The Final Season's Of The Office Didn't Do Andy Bernard JusticeWhile Andy Bernard was certainly not the most lovable character, he didn't deserve his season 9 arc that culminated with the Andy The Office bad ending. In the penultimate episode of The Office, it's revealed that the documentary has been completed, coupled with exactly what happened in the main cast's futures. While many of the characters got a fitting finale, the one that really stood out was Andy's.
In the end, Andy Bernard made a complete fool of himself by having a mental breakdown during a singing competition show, and his meltdown was turned into an internet meme. While he did get to rejoin his alma mater (Cornell) as a member of the staff, his singing competition fit proves the writers cheapened his character arc with The Office ending.
What's even worse is that during The Office finale table read, it's revealed that Andy had a fiancé, and this happy news was scrapped from the finale. While not a major character in the same sense as Dwight, Jim, and Pam, Andy was given his own complex arc in the show as he dealt with his insecurities and emotional management issues, which were completely undone by his behavior during The Office season 9.
The Show Wasn't The Same Without Steve CarrellAfter Steve Carrell left the show in The Office season 7, the writers were faced with the impossible task of replacing the iconic Dunder Mifflin boss, and the way Andy was treated in the final seasons is a perfect example of The Office's regional manager problem.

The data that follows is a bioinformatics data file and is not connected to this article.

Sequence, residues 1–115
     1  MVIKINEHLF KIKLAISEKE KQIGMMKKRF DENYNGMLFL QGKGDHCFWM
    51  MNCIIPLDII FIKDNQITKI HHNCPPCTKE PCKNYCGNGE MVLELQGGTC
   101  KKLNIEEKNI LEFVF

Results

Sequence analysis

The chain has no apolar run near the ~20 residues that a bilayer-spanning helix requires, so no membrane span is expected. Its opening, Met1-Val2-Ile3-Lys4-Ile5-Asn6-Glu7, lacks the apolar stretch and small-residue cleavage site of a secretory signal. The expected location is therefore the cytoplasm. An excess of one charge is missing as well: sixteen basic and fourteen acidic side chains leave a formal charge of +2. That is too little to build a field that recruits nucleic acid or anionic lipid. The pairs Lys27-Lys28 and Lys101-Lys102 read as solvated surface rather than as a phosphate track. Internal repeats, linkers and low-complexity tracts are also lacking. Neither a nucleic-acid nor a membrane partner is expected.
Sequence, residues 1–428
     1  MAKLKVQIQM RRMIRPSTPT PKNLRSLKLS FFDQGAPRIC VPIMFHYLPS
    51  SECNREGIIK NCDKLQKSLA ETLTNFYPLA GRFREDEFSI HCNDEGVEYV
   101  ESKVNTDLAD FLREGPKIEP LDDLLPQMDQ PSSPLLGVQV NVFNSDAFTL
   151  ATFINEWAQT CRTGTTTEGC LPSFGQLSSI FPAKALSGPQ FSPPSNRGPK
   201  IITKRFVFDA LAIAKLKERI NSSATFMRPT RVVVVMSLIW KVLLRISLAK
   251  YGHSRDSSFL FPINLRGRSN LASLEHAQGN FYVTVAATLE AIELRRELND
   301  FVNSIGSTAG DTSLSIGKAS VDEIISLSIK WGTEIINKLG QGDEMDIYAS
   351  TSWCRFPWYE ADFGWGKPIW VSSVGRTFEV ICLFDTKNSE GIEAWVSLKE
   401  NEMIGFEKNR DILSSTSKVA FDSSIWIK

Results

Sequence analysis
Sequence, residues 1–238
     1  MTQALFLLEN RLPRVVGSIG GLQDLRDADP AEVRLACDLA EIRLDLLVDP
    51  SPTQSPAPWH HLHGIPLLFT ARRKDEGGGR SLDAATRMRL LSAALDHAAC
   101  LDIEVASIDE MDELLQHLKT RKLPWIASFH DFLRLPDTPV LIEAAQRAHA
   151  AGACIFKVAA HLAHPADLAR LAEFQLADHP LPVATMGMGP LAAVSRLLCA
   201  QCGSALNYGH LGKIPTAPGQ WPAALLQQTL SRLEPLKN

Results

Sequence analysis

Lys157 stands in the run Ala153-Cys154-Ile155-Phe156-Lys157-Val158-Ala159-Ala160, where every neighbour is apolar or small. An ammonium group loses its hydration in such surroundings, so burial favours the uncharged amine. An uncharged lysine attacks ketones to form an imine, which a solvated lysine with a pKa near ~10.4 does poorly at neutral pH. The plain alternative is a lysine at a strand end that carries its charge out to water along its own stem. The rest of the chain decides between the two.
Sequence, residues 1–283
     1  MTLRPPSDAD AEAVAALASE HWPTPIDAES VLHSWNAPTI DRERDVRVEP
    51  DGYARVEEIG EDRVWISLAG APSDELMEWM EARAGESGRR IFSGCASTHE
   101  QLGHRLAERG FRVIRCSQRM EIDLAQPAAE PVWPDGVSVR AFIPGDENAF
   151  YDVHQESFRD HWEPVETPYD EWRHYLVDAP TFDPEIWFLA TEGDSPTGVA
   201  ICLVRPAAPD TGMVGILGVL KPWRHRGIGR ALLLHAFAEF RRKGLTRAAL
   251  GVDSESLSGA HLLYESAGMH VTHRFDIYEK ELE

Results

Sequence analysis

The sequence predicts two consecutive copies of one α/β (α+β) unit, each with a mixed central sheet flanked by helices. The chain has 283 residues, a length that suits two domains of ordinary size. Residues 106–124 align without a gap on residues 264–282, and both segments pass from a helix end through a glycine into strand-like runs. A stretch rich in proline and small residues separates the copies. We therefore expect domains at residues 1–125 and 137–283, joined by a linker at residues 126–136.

All the bosses that followed were viewed as unlikeable or too over the top, whether it was Andy or Will Ferrell's D'angelo Vickers. Even Dwight's personality totally changed as soon as he was hired as regional manager, becoming the most unlikable character in the show. While Dwight got on his coworker's nerves, he was always lovable in the eyes of The Office fans until he became regional manager.
The Office ComedyDramaSitcomThe Office is the U.S. remake of the British comedy mockumentary series of the same name. The show follows the misadventures of a Dunder Mifflin Paper Company branch in Scranton, Pennsylvania, led by their unconventional and clueless boss, Michael Scott. The series covers nine years of footage as they find themselves recorded through their work days and off times.